Friday, December 14, 2007

BLOWING THEIR COVER. Alan Keyes has been a prominent conservative for a long time. Ronald Reagan ("I've never known a more stout-hearted defender of a strong America than Alan Keyes") appointed him to the UN and to the State Department. The National Review used to be cool with Keyes, too: he has been interviewed and even written for the magazine.

In 1999 Jonah Goldberg called Keyes "the most intelligent, articulate, impressive guy to run for president in any party in years." It is interesting to see how he qualified this statement:
But I just can't shake the notion that he'd bring back the guillotine. As a friend of mine put it, if you drew a venn diagram of crackpots and great political minds, he would be one of the few people in that area where the circles overlap. Still, I find it befuddling that I can't articulate why he isn't getting more respect.
Back then, for this crowd, a Republican could be a "crackpot" and a great candidate at the same time. Why not? The GOP had Congress and Reagan Revivalism was in the air, and if some of its avatars were raw like Rush, that only added a fun frisson of political incorrectness to the proceedings. (Later Goldberg praised Keyes because "He doesn't believe that an idea or a fact is more or less true depending on whether it will make a feminist cry.")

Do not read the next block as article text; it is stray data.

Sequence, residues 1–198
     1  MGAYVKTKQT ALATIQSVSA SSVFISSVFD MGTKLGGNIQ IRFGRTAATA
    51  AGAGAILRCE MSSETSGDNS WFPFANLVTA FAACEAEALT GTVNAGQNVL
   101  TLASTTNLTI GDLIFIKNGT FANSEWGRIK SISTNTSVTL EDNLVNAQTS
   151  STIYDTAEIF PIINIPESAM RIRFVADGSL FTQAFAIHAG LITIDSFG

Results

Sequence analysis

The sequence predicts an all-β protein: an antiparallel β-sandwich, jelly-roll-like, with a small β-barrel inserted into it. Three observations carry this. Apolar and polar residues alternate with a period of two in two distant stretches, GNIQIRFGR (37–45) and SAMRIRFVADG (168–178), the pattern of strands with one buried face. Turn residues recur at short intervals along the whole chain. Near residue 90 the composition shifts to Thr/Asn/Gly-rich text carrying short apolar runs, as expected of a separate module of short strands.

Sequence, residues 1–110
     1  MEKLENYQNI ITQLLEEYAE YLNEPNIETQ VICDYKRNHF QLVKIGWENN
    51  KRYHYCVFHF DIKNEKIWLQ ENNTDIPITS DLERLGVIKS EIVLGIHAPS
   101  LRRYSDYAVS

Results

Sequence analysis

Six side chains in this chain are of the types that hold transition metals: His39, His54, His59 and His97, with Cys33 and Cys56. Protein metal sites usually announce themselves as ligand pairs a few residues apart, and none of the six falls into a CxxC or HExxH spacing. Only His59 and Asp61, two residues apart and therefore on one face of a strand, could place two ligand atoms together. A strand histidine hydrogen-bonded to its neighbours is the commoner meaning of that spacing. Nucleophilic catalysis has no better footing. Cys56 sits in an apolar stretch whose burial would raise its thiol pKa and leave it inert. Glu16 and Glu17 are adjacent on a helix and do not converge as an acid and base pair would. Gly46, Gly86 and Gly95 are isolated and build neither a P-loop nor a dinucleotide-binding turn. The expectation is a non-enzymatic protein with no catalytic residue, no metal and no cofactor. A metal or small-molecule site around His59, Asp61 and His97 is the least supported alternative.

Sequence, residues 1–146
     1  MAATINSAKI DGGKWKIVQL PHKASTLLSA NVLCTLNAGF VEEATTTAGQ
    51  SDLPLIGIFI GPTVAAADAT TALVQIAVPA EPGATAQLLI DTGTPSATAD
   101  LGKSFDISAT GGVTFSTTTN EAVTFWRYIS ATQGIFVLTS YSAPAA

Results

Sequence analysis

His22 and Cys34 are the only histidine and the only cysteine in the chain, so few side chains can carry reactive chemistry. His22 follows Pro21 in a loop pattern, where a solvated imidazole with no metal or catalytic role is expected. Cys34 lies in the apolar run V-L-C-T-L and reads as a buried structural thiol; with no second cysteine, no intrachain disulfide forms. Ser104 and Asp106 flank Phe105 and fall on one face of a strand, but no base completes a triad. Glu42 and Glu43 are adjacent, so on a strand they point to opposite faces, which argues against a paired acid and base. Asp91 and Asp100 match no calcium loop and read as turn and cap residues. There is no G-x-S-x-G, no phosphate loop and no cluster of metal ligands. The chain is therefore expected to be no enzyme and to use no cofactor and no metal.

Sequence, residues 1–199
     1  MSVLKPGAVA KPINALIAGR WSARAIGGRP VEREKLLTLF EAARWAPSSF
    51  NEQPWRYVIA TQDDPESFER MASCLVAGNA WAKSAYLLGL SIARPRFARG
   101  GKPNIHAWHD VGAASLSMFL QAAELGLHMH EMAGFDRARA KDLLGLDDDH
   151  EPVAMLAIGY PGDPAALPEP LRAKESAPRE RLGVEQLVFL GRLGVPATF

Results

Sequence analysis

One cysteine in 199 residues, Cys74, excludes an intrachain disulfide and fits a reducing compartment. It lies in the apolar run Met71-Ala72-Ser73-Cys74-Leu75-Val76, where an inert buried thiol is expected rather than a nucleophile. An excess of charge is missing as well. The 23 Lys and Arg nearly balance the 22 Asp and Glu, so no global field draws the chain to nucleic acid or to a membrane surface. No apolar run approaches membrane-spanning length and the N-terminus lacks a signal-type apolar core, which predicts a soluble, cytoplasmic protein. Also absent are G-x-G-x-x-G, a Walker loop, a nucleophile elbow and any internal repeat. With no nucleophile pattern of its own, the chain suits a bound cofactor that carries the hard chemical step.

But this year Keyes got on Wednesday's Iowa Republican Presidential debate, and spouted much the same gibberish as usual. This time the National Review crowd is incensed. "I Wish the Des Moines Register Had One More Republican Debate This Cycle," says Kathryn Jean Lopez, "so I could demand a place on the stage. It makes as much sense as Alan Keyes being there." Rich Lowry said Keyes "shouldn't have been on the stage." Mark Hemingway suggested Keyes be pushed off future debate stages with sticks.

Only Goldberg tried to maintain to old-school funtimes, saying "I kind of dug Alan Keyes' crazy guy on the bus routine." Elsewhere conservatives were uniformly angry at Keyes' presence, despite his commendations from the Gipper.

What changed? Well, for one thing, the Republicans aren't doing so hot, so the hijinks of olden times have to be kept on the down-low. The "mainstream" Republican candidates, knowing what a tough slog they have ahead of themselves, are making strenuous efforts to look and sound normal for the cameras. Conservative commentators play gamely along, talking about their debates as if they were business as usual, though were a soul innocent of the current GOP's bizarre standards of normalcy to happen upon one of these scenes, it would probably fill him with confusion and horror.

But most of us are not so well-protected, and are by now kind of inured to the Jesus-infused, torture-happy madness of Republicans. Their best chance is to keep a straight face over the course of the remaining 732 debates, and get us all acclimated to their insane ideas once more. Then Keyes comes along frothing at the mouth. Under ordinary circumstances, his competitors might see this as an opportunity to look more normal by comparison. But their supporters, at least, are wrapped too tight at the moment to see it that way. They see the rampaging id of Republicanism let loose upon their stage, and they are terrified that his mania might be catching. They had just learned to live with Ron Paul, and now this!

No wonder Keyes drives them bonkers. He's blowing their cover.

No comments:

Post a Comment